All eyes turned to Wales when it hosted The Ryder Cup in October 2010 at the Celtic Manor Resort. It was the first resort in Wales to host this world-renowned sporting occasion, frequently referred to as one of the ‘greatest ever’ golf tournaments. Its now-famous Twenty Ten Course became the first course to be built specifically for the event, plus it boasts the par-70 Roman Road course and the par-60 Montgomerie Course. Yet throughout the destination you’ll find a multitude of courses – more than 200, covering every variety. There are the two ‘Royals’ – Royal Porthcawl and Royal St Davids, both fantastic links courses in south and north-west Wales respectively, while there are smaller, nine-hole courses at Priskilly Forest and St Davids City both in west Wales. Or enjoy the stunning views at the relaxed course at nearby Cardigan.
Along coastlines, up mountains or through valleys, a gentle trip on a steam engine is a wonderful way to experience Wales’ diverse countryside with a slice of heritage to enhance the journey. The world-famous Ffestiniog Railway, in the heart of Snowdonia National Park in north Wales, is the world’s oldest narrow gauge railway at nearly 200 years old. Step on board for a journey that takes you from Porthmadog harbour to the slate-quarrying town of Blaenau Ffestiniog. This railway is part of the Great Little Trains of Wales, ten others that encompass picturesque rail travel along idyllic scenes, such as north Wales’ Snowdon Mountain Railway and the Llanberis Lake Railway.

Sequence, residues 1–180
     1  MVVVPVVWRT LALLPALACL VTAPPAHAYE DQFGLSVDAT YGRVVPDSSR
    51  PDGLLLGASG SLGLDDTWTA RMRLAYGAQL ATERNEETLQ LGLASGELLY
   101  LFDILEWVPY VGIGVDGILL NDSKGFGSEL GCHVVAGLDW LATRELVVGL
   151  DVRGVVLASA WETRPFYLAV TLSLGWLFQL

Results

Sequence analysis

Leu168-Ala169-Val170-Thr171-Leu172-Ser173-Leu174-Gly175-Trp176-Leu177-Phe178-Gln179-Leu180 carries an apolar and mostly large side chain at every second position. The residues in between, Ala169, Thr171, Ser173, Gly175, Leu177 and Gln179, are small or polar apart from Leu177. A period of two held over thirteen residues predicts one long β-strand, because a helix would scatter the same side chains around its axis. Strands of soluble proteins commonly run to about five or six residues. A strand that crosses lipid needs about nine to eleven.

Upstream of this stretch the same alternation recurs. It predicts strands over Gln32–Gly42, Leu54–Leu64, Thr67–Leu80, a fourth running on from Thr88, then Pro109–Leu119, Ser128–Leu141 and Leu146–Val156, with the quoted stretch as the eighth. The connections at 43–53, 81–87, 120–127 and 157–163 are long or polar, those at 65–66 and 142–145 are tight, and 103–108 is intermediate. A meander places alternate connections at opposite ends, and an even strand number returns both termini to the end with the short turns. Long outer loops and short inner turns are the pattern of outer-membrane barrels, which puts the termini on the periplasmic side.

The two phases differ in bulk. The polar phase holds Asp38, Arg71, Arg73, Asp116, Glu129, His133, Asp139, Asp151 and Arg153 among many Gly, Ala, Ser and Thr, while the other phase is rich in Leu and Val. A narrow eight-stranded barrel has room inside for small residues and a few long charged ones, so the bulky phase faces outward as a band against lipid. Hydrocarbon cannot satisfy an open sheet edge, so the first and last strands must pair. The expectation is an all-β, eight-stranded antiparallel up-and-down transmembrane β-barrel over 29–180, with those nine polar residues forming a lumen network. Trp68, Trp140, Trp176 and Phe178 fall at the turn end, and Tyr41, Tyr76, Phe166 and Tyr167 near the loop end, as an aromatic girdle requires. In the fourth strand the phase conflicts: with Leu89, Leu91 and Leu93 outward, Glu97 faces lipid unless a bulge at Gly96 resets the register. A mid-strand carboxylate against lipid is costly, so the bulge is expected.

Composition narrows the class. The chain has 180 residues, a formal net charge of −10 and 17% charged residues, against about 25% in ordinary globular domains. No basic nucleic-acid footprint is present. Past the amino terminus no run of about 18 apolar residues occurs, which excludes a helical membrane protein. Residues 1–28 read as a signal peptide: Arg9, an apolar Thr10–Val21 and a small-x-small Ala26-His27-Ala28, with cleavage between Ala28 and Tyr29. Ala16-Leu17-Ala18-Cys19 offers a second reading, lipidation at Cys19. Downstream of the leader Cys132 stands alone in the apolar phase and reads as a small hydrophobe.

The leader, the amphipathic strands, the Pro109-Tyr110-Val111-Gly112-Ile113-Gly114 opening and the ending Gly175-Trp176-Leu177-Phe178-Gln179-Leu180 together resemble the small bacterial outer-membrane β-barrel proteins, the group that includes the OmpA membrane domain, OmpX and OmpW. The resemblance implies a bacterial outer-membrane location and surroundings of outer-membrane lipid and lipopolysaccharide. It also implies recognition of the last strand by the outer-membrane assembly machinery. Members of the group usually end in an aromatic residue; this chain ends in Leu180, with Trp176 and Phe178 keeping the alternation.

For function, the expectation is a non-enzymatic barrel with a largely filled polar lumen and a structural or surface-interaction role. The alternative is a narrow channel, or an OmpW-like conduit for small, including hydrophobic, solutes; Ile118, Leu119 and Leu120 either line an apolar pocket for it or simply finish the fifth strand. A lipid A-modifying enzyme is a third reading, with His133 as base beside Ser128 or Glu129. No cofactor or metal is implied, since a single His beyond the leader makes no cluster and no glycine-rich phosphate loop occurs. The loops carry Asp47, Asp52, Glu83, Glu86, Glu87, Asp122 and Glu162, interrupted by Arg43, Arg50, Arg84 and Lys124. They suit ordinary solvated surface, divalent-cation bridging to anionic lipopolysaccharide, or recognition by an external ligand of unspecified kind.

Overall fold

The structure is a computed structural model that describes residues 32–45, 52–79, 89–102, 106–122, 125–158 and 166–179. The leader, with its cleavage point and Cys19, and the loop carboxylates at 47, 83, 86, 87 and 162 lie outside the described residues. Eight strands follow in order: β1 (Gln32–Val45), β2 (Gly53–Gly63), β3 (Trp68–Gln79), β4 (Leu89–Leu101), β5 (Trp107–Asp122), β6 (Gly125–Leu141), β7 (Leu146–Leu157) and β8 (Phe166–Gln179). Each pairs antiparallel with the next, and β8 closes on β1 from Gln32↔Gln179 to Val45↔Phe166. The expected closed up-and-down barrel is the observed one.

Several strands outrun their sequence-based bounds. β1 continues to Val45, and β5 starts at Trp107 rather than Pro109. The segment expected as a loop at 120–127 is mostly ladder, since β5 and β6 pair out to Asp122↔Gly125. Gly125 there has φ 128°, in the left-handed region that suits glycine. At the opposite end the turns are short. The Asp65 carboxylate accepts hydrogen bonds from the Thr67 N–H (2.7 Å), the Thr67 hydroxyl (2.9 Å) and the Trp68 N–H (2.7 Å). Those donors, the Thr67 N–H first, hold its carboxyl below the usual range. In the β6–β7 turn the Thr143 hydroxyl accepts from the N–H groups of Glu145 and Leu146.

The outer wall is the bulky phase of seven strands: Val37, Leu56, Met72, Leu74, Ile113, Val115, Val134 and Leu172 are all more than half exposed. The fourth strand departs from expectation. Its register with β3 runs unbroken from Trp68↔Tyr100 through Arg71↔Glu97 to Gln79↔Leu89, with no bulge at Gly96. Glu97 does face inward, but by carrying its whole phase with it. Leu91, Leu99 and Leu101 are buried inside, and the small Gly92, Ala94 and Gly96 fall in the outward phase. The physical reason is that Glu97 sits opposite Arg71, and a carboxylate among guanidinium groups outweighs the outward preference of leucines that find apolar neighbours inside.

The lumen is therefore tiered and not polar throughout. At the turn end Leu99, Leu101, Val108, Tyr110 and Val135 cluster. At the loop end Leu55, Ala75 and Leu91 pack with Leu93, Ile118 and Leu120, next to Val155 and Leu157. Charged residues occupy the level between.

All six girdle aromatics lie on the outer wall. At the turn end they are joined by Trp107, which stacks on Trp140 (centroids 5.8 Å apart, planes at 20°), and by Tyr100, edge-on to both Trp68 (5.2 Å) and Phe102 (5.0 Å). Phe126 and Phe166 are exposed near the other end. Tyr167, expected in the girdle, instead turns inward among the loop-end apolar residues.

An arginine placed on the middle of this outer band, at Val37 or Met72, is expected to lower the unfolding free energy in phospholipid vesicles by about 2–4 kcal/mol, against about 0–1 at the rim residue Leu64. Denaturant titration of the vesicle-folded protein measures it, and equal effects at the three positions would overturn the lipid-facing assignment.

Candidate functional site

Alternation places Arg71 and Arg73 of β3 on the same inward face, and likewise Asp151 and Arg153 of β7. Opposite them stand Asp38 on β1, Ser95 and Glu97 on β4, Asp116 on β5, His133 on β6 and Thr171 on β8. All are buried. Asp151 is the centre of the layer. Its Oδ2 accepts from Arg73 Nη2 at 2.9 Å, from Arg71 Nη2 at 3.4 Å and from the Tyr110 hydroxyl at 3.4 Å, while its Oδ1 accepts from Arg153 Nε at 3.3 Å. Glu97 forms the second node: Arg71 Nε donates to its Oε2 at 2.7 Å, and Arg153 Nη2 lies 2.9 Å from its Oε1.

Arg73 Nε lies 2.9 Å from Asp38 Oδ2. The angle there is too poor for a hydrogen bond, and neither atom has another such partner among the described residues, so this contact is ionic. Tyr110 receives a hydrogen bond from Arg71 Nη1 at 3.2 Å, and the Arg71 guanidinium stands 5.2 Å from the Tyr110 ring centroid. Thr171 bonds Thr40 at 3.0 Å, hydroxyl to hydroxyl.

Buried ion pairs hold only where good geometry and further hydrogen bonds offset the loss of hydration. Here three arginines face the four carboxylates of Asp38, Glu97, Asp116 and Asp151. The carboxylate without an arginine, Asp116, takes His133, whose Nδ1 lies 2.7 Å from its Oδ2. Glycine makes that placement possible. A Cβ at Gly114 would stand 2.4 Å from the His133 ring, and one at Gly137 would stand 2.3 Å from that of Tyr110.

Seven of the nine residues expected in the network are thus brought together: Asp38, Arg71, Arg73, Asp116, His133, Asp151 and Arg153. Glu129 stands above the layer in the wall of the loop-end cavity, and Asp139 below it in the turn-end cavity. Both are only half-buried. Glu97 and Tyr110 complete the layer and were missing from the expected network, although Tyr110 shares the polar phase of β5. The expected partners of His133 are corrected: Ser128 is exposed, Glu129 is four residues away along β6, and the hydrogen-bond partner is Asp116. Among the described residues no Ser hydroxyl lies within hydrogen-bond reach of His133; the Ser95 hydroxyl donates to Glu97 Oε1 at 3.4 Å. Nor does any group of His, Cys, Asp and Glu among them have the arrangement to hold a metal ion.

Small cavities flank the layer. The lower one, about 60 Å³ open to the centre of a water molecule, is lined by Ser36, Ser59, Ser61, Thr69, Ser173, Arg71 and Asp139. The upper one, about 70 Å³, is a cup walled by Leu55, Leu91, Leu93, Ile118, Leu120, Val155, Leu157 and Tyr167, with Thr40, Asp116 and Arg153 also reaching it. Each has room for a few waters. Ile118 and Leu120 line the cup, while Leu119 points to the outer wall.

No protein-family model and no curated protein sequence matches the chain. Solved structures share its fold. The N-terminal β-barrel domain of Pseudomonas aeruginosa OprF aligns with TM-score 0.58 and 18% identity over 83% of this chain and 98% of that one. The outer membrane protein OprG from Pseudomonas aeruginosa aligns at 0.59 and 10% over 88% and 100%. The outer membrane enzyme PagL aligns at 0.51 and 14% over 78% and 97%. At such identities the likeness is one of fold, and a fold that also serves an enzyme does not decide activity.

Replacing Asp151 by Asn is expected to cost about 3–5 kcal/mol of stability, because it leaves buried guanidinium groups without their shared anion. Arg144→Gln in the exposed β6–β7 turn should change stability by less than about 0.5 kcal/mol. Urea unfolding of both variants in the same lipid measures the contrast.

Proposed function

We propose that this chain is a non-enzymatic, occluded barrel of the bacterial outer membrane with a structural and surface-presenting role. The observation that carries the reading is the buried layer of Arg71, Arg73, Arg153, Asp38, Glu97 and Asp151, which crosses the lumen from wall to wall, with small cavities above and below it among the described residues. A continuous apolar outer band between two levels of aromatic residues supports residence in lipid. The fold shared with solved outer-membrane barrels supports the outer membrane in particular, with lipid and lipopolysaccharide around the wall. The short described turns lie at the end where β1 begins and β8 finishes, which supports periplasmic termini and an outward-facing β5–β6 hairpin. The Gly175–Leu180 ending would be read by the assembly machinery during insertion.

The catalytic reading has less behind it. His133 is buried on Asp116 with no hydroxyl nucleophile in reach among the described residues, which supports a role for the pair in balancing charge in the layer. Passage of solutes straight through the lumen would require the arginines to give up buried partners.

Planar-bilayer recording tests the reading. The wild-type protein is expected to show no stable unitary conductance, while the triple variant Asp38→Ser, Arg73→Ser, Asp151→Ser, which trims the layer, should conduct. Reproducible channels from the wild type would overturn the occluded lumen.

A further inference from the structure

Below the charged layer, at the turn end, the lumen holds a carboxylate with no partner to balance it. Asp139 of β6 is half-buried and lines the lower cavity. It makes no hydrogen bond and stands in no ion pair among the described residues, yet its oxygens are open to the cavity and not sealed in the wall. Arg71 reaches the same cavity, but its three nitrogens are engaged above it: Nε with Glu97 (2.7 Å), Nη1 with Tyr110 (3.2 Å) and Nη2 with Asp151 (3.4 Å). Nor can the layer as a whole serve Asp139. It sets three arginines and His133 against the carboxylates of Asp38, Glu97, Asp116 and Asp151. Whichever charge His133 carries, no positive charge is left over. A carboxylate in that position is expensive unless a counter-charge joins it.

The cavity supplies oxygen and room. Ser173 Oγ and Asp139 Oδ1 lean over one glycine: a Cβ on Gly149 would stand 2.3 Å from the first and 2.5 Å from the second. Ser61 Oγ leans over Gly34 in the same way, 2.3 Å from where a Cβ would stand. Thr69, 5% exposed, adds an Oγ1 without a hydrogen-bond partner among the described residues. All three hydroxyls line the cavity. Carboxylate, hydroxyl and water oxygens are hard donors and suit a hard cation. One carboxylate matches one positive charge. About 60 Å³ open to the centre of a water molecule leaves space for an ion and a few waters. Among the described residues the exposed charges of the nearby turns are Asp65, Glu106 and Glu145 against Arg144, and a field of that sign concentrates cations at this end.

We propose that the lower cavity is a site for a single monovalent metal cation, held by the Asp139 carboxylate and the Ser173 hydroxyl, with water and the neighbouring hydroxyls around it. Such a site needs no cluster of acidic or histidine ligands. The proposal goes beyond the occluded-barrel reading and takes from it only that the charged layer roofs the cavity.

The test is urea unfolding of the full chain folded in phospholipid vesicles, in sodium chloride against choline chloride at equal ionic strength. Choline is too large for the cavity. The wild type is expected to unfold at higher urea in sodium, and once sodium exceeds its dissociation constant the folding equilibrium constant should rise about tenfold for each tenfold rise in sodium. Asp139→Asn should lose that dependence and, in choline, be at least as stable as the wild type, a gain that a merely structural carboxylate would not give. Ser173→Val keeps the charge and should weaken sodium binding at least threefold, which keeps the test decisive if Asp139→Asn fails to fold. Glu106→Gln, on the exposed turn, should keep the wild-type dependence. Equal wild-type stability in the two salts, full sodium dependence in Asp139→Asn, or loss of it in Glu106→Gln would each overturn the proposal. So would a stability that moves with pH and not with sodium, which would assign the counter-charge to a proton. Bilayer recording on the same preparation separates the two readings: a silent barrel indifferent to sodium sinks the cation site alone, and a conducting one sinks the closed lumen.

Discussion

A beautiful coastline equals bounteous wildlife; at the coast of the Isle of Anglesey, in north Wales, you’ll discover a rich profusion of marine life. Take a boat ride out to see Atlantic grey seals swimming off shore, while there’s every chance of seeing harbour porpoise, bottlenose dolphins and seabird colonies of puffins, razorbills and guillemots. The coast of west Wales is also home to about 5,000 Grey seals, mostly in Pembrokeshire and Skomer Island – a 15-minute boat ride from the mainland – where you can also spot puffins, while basking sharks and leatherback turtles are also regularly seen off the Welsh coastline.